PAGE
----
Last week it was the letter through the door warning us that, next summer, several roads near us will be re-routed. On Saturday it was construction work on the Tube, and at Stratford station. I live on the opposite side of town to the sprouting Olympic park in the East, but the first signs of the Games' arrival are already felt almost every day, and not many are a cause for joy.
For months, though, the inconveniences that accompany a huge international sports event rolling into my home town have been tempered by excitement. Last year, in a moment of unexpected fervour, I even volunteered to work at the Games, at the fencing events, to be held in the ExCel centre (applicants don't find out until November whether they'll get to help out or not, so I may yet have to fulfil my ambition to help test athletic urine).
But this weekend was the big test of Londoners' enthusiasm for the event. Do we actually want to see the swimming, the cycling or the Greco-Roman wrestling? Will we actually reach into our pockets and pay (once again, it feels like) a little more towards the sporting fiesta that seems to be a non-stop PR party for Boris Johnson and Seb Coe?
And on the issue of tickets I find myself conflicted once again. There's a lot to be annoyed and pessimistic about, in the best possible British tradition. The first major gripe is the high price of seats. The cheapest, "category D" seat in the Olympic stadium is £20. The lowest-price seats for the day which culminates with the men's 100m final are £50; the most expensive, £725.
In other disciplines, the prices range from £20 to more than £3,000 with most more than £90 a head. The question is, of course, just how bad are the £20 seats? The ticket website gives you no handy map of the seating arrangements, as you would when booking in a cinema or theatre. So I assume the worst: if, by chance, one gets a ticket in the ballot for the bigger-ticket events, not only binoculars but perhaps also a live stream of the event on your phone will be essential if you want to see anything but tiny ants blurred on the other side of the athletics track. Oh, hang on, spectators may not be able to take mobile phones to the Games, either.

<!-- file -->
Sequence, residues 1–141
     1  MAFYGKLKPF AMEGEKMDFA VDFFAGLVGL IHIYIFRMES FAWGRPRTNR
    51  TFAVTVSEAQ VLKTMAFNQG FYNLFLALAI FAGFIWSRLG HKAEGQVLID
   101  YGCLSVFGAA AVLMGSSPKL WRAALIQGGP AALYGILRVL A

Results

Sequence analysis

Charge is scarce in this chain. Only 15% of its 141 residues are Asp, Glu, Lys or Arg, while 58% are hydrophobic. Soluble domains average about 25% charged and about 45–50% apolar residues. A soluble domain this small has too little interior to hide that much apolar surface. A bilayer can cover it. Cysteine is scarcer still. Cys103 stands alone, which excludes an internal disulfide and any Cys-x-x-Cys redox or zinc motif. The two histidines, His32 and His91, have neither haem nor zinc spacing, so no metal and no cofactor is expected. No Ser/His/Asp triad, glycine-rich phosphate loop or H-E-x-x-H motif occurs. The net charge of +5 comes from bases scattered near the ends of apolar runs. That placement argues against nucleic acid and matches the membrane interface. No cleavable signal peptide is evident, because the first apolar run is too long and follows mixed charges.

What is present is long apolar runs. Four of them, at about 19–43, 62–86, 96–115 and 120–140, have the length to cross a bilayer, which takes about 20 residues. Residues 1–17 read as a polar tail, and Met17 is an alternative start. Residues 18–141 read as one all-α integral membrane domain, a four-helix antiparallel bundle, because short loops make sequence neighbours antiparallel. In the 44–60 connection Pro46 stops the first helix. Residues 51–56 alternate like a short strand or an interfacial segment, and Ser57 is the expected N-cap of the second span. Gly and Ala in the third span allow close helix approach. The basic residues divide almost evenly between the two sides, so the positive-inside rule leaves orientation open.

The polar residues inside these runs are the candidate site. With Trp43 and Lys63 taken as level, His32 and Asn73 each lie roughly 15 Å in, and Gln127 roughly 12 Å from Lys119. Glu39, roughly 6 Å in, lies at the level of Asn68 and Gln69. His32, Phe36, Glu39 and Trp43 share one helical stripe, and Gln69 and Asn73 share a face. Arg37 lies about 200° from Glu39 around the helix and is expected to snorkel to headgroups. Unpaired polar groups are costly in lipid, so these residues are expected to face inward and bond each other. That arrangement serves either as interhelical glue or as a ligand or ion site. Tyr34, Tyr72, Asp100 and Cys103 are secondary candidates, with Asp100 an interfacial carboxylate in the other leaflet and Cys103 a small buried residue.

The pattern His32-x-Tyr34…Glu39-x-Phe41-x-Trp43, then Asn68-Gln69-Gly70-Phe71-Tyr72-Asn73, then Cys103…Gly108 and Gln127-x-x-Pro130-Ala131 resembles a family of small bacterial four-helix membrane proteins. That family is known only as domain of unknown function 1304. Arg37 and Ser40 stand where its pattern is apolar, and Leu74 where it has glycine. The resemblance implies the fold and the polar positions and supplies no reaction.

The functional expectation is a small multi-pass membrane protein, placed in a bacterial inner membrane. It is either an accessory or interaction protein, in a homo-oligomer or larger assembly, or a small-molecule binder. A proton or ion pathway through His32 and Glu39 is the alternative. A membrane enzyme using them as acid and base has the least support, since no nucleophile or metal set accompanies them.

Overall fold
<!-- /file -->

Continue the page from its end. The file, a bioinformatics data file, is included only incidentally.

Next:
Other quibbles include the monopoly of Visa – pay with one of their cards or you're not coming in; the fact that 13,000 of (VIP) tickets are being allocated to politicians, with the Department of Culture, Media and Sport taking 9,000; that almost all of the A- and B-grade seats will inevitably end up underneath the bums of London's corporate classes as a sort of sporting bonus; the embarrassing manner in which Thomas Cook have cranked up package prices for foreign visitors.
Then again, I thought, as I stuffed as many cheap tickets into my online "basket" as possible yesterday morning, when the time comes, I'll kick myself if I didn't buy them when I could. For years I will have endured travel disruption, price hikes and Sebastian Coe's self-importance, all for nothing. So see you on the back row at the beach volleyball final.
A new take on the idea of the misery memoir
I've felt rather furtive about reading on the Tube over the last week: the paperback in my hands is the so-called "new Lolita", Margaux Fragoso's Tiger Tiger. The twist is that this story is told by from the point of view of the "nymphet" herself and, furthermore, that the rather grisly tale is true.
That the memoir of a relationship between a seven-year-old girl and a molester 44 years her senior has been published is surprising enough; Fragoso remembers each glance and grope of their decades-long affair, from their first meeting in a swimming pool to his eventual suicide, in detail, which has caused some to question its veracity. It also made lots of publicity for the book on its publication this month. The great art of Vladimir Nabokov's book was the moral slippage one experiences as Humbert Humbert is allowed to justify his abuse as the tale unfolds. But it is just that: art, a creation, a great literary fiction. The reader of Tiger Tiger is asked enjoy the true story of a paedophilic crime, told with tenderness and sympathy – yet also fully revealing the abuser's manipulative nature – from the viewpoint of the victim. It deserves to be told, but with this romance and in such a compelling style?
I thought that bunny was looking unusually sad
Does your box of Tetleys teabags run dry sooner than expected? Is your bag of Maltesers rather light, that Toblerone rather shorter than you remember? Your senses do not deceive you. Faced with the soaring price of cocoa, sugar and wheat, the giant food manufacturers have admitted they are downsizing the standard proportions of favourite brands rather than risk what they term "sticker shock", or what I call "Bloody hell, where's my change?"
Juice cartons, bottles of fizzy drinks, multi- packs of crisps are all targets for shrinkage as "soft commodities" soar – fuelled at least in part by speculation, so thanks once again to our wonderful financial services industries.
Perhaps I can manage with one less chunk in a Dairy Milk bar, but what of Easter eggs? The indication so far is that eggs will maintain their standard sizes, but will be super-priced: some big brands want us to shell out up to 140 per cent more this year – for instance, the Galaxy Minstrels egg that cost £2.50 last Easter is now £6. Cue parents across the land waffling about the Easter Bunny being rather malnourished and only having very small eggs in his basket this year...